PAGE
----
But My Brother’s Keeper is also important for what it is not. The program involves no federal funding whatsoever, nor does it seek to implement any new policies. It also eschews any mention of the discrimination -- the long and painful history of institutional racism -- that continues to blight American life. Instead, it has been accompanied by a strikingly conservative rhetoric of “no excuses” that echoes previous invocations of the black “culture of poverty” and the misguided emphasis on personal responsibility.
“It will take courage,” Obama told a group of young men of color at a White House news conference in February, “but you will have to tune out the naysayers who say the deck is stacked against you, you might as well just give up or settle into the stereotype. It’s not going to happen overnight, but you’re going to have to set goals, and you’re going to have to work for those goals. Nothing will be given to you.”
Soon after the speech, Greg Gutfield of Fox News’ “The Five” commented, “This is great -- he’s a conservative!” Though many see such an exhortation as a great compliment to a common-sense policy, there are those who find it dispiriting. And with good reason. Obama seems to rely on the belief in education as the great equalizer, and yet African Americans with bachelor’s degrees make 20% less than their white counterparts. The reluctance to acknowledge ulterior forces -- forces outside of the opportunity gap, such as persistent institutional racism -- provides credence, however inadvertently, to the theory that people of color are to blame for their poverty. This isn’t a problem unique to the thinking of Obama -- instead, it speaks to a longstanding history of distorted views towards race in America.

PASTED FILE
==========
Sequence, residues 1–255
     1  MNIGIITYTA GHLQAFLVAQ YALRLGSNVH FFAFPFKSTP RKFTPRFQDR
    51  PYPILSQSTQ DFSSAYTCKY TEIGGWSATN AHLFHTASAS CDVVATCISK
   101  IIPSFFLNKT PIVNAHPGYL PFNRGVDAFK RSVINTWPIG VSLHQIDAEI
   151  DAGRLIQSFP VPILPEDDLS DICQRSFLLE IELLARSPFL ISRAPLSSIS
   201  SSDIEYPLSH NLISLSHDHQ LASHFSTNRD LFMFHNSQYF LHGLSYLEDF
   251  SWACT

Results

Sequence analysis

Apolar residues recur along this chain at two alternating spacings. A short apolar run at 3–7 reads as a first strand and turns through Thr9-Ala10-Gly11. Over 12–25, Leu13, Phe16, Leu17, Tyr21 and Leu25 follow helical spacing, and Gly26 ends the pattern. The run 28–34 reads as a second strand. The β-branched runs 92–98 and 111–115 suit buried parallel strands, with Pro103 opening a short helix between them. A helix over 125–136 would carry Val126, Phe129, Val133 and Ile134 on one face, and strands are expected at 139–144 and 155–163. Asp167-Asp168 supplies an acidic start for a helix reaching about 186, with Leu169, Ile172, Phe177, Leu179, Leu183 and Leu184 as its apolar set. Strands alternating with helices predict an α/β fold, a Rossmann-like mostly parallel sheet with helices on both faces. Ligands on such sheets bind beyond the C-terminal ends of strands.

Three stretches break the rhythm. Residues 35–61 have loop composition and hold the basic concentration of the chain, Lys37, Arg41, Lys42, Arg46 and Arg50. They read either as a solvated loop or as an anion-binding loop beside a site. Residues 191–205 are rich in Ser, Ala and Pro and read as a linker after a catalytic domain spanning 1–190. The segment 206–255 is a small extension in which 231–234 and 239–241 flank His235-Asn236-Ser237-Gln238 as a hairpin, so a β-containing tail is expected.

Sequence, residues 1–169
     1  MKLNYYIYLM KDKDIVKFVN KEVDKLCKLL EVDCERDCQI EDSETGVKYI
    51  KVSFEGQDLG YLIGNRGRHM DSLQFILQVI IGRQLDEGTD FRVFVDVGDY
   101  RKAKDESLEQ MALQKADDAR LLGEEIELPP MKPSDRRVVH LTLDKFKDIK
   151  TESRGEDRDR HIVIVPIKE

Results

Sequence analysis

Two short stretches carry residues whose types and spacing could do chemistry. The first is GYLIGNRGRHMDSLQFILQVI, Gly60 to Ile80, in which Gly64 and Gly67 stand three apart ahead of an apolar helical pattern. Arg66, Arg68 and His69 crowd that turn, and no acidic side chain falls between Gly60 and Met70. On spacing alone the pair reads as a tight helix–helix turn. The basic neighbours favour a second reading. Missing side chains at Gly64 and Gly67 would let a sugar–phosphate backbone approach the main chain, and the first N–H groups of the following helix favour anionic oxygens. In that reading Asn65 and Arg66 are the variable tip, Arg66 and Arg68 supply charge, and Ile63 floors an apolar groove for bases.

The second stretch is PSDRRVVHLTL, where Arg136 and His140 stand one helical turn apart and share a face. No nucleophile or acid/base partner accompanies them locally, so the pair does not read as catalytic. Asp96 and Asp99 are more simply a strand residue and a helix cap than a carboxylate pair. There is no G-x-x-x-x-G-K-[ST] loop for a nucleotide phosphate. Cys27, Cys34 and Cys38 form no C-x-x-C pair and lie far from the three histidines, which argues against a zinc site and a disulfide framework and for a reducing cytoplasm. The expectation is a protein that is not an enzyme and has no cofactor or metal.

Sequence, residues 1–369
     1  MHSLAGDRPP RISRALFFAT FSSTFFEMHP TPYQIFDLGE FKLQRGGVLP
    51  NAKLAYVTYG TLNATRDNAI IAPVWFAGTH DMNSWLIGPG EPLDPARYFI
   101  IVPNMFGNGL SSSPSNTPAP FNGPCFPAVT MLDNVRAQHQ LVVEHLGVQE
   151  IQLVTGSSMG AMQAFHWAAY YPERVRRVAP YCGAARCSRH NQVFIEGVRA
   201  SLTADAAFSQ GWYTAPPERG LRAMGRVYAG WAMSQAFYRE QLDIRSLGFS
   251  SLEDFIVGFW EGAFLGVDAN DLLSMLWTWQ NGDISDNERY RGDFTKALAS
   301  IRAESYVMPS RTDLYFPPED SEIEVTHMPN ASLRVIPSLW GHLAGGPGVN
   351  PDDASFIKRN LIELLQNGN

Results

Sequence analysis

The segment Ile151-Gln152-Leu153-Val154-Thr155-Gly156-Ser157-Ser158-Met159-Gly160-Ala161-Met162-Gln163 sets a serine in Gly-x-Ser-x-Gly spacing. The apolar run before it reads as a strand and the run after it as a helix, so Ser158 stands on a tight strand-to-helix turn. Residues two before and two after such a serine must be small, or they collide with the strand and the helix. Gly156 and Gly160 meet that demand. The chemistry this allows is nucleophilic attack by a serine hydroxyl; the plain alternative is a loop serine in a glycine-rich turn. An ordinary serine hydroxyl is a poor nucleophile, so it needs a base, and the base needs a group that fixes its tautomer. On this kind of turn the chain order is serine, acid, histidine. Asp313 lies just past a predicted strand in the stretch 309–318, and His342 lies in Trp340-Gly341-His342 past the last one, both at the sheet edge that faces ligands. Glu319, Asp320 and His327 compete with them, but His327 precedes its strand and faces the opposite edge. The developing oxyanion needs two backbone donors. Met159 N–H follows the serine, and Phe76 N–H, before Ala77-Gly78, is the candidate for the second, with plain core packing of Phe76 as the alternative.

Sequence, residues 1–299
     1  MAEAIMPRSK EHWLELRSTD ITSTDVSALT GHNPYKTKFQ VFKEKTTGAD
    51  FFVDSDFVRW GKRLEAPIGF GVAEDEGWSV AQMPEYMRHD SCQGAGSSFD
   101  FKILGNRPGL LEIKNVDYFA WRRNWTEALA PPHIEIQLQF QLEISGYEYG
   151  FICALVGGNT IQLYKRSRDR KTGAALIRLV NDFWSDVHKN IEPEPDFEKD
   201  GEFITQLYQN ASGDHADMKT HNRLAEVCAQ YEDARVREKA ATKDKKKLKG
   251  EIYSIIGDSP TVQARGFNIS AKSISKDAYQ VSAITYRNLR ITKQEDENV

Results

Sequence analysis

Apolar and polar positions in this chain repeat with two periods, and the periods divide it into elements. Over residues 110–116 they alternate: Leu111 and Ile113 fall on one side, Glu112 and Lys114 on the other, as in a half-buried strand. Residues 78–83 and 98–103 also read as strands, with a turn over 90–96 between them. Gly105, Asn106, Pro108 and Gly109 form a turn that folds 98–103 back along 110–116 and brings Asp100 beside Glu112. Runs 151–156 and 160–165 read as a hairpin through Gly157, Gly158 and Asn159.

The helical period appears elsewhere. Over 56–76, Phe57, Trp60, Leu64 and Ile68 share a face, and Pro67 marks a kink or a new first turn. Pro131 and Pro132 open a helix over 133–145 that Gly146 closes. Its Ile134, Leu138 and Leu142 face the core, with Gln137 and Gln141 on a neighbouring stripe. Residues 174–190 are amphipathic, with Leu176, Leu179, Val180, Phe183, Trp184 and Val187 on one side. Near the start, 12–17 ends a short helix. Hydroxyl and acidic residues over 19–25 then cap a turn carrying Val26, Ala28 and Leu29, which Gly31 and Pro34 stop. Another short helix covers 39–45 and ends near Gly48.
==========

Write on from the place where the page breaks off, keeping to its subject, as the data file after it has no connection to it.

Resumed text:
Obama is hardly ignorant about this line of thinking. His book “Dreams From My Father” is a sophisticated memoir and exploration of racial identity that was clearly written with previous memoirs -- from Frederick Douglass’ to Richard Wright’s to Malcolm X’s -- in the background of the author’s thinking. As a law professor at the University of Chicago, Obama taught some of the seminal texts in African American thought across a range of views, including the central debate between W.E.B. DuBois and Booker T. Washington over whether the path to black salvation was patient accomodation or political activism. To write off Obama as a simplistic thinker or a pop conservative -- the political version of Bill Cosby -- is unfair and simplistic. Indeed, his “More Perfect Union” speech delivered in response to the Rev. Wright controversy and his comments following the George Zimmerman acquittal were nothing less than outstanding. Rather, Obama clearly feels constricted, by both his office and his era, as accusations of favoritism loom over his every move. Even the mild My Brother’s Keeper drew indictments of “blatant racism” from Rush Limbaugh. Bound by these forces, Obama tends to opt for a frustrating on-the-one-hand-on-the-other-hand brand of balance that often draws false equivalencies.
When Obama first came into office, many hoped and even presupposed that his presidency would fulfill the dream of the civil rights movement. But now, in the twilight of his career, it seems likely that the mere fact of his ascension will go down as his greatest contribution to black progress. His presidency, along with My Brother’s Keeper, have thus raised an urgent question: Has our first black president brought our country closer to racial equality, or proved the futility of such a notion? Facing the enduring will of American bigotry, the answer proves increasingly unsettling.